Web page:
From a global perspective, there are a number of factors that can lead to this wealth and prosperity, and it all starts with the fact that nations around the world have different cultures.
A nation like Egypt, for instance, has been a wealthy and stable country for centuries, and has maintained that status for the past 100 years.
However, for most of that time, the wealth and stability was not shared equally across the country, with Egypt’s rulers taking a more autocratic approach, and relying more heavily on the military to maintain the stability.
In the case of the Ottoman Empire, the country that began as a trading hub for the Ottoman Sultanate, the Ottoman government ruled with an iron fist, and ruled over a vast area of the Muslim world, from the Caucasus to India.
However as the Ottoman empire expanded, the power of the state shifted, and the Ottoman dynasty began to fall apart.
At the same time, in the Middle East, the rise of the Islamic State of Iraq and Syria (ISIS) forced the government of the Assad regime to make a serious adjustment, and eventually, the Syrian regime was overthrown by the US-backed Free Syrian Army (FSA), which had been created by Western-backed opposition groups.
Since then, the region has become a hotbed for conflict, and today, the countries of the Middle Eastern region are divided into two distinct countries, with the Syrian-government-held north and the rebel-held south.
For most of the world, these two regions have been extremely stable and prosperous, and there has been little in the way of external interference to prevent the two countries from falling apart.
However for some countries, like Turkey, it has been more difficult for them to achieve the stability and prosperity that they have.
Since the 1980s, Turkey has been ruled by the Justice and Development Party (AKP), which has ruled the country for nearly two decades.
The AKP has become one of the most popular political parties in the country in recent years, and is known for its support for a range of Islamist policies.
These include banning the wearing of the burqa and banning the Kurdish language, which has led to tensions between the two communities in the Kurdish region of northern Iraq.
This has led Turkey to be the most militarized country in the region, and a growing number of Turkish citizens are increasingly willing to take on foreign mercenaries and fight for the government.
As the Turkish government has increasingly militarized the country and has started to deploy ground troops in northern Iraq, tensions between these two communities have increased, and Turkey is now facing a potential civil war.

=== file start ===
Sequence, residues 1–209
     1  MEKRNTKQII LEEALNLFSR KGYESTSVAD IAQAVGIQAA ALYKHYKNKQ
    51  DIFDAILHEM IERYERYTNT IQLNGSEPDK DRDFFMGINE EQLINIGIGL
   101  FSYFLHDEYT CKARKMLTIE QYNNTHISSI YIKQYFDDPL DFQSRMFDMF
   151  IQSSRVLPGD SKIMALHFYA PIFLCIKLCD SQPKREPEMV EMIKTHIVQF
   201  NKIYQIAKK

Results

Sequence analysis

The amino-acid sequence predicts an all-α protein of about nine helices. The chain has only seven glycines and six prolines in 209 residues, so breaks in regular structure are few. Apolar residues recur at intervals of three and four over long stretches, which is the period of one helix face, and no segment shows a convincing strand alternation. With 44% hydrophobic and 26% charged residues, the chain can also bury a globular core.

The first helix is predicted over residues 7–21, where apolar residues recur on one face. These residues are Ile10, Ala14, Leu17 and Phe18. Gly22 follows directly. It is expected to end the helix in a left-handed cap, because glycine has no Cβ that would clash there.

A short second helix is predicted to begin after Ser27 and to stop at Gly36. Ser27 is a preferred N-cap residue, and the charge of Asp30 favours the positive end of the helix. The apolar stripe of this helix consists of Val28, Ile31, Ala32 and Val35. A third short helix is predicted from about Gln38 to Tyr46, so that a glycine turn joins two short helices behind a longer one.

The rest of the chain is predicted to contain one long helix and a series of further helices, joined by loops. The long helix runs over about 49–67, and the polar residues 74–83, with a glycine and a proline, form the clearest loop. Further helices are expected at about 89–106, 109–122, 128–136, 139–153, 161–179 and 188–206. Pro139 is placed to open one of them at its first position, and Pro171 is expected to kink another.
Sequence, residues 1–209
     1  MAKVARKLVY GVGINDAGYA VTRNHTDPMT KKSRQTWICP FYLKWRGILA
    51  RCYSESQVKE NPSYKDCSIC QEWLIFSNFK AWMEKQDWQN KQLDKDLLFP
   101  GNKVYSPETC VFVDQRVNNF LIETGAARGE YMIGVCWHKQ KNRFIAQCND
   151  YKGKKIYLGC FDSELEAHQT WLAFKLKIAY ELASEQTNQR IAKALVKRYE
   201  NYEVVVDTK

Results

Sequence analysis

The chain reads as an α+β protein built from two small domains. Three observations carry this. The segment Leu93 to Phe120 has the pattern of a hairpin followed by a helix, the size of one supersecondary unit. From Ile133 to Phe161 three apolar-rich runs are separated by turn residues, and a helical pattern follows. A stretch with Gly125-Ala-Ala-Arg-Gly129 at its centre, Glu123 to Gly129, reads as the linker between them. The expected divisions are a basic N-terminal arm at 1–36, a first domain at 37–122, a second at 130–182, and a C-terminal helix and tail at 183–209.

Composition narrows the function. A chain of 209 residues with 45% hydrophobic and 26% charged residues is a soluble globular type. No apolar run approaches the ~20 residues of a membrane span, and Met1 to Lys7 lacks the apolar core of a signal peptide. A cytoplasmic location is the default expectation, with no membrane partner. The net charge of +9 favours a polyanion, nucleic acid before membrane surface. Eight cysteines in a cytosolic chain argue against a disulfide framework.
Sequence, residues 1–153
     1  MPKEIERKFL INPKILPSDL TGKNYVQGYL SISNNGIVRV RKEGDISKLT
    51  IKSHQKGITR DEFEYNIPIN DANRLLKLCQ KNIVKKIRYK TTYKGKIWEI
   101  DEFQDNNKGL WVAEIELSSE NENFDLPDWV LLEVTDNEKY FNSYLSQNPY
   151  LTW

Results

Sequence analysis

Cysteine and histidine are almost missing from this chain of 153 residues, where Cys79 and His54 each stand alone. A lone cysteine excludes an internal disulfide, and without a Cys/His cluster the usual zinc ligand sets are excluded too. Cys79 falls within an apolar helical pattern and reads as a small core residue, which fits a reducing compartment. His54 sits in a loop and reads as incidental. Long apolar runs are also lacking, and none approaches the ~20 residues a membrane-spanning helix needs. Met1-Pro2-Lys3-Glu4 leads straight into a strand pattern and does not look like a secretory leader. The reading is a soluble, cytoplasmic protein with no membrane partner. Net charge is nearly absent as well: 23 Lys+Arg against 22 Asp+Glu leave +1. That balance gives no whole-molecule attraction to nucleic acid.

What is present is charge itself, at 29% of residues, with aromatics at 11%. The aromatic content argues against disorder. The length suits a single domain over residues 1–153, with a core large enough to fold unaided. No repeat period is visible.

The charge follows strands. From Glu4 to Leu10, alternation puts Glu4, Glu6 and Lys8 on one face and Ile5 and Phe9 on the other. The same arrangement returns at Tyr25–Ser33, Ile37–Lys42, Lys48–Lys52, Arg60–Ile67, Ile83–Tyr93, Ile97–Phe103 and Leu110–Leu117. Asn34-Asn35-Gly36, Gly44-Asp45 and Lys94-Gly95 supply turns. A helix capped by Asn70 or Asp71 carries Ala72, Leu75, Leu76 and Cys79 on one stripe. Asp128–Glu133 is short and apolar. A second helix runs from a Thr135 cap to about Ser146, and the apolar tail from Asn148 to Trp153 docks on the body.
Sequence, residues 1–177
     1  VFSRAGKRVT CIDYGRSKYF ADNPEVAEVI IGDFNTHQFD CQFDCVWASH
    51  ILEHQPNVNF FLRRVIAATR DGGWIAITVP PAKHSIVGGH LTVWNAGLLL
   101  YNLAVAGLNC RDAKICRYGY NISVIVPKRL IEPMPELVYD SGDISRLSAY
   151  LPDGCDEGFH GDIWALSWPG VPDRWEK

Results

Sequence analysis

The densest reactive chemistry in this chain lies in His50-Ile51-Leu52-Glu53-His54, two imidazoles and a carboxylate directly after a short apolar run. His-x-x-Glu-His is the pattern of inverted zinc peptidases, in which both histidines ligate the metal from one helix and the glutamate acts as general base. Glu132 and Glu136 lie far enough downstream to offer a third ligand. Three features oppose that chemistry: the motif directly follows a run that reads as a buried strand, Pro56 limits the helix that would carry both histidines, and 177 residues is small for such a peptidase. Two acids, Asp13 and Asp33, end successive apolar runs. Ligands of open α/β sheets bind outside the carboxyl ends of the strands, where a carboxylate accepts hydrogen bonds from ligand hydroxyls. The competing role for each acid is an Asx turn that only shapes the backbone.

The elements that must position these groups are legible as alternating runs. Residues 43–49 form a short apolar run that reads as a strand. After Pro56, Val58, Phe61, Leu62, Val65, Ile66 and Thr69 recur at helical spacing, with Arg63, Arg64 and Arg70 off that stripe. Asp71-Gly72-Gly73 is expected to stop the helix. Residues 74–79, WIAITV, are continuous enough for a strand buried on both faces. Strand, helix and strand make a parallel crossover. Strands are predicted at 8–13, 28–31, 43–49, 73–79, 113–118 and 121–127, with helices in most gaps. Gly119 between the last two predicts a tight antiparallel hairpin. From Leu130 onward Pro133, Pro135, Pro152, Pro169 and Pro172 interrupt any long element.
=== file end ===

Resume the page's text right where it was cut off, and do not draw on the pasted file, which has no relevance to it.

This is not the only reason why Turkey has faced the crisis that it has, but it is one of many.
The current crisis in the Turkish-Syrian conflict has caused an increasing number of countries to question their position in the global order.
It has led some countries to leave the EU and form their own nations, like the United States and Israel, or it has seen countries like the UK, France, and Italy move to form a common defense policy.
It also has led the UK to pull out of the European Union, a move that has caused much to worry about the future of the United Kingdom, as Britain is seen as the country of free trade and a global power.
In an article for the Atlantic Council, former US National Security Adviser, Paul Wolfowitz, argues that the current situation in the Syrian conflict is one that has the potential to cause a civil war between the US and Turkey.
Wolfowitz argued that “the crisis in Syria will, as the world is increasingly aware, be the catalyst for a second Cold War, with Moscow and Beijing seeking to exploit the chaos and the instability in the area to their advantage.
The outcome of this second war will likely be more dangerous for Europe and the West than it would have been for either of them.”
Wolfowitz is not alone in his assessment of the threat of civil war, as others have also pointed to the increasing instability in Iraq and the growing militarization of Turkey, as well as concerns over the growing influence of Iran and Russia in the world.
Turkey has historically been the home to many of the great empires in history, and its strong ties to the Muslim countries of Europe have been a major reason for the stability of the region for hundreds of years.
The Turkish government does not view the Kurdish population in the north of Iraq as an ethnic group, and they believe that the Kurdish people are the rightful owners of the land and region.
Turkey considers the Kurds to be an ethnic minority and believes that their rights and rights as a people must be respected.
However the Kurdish community in the northern part of the country has long resisted the Turkish governments attempts to forcibly convert them to Islam.
The Kurds believe that they are being forcibly displaced from their lands by Turkish authorities, and are therefore opposed to the conversion of the Kurds.
The government has also made it clear that they do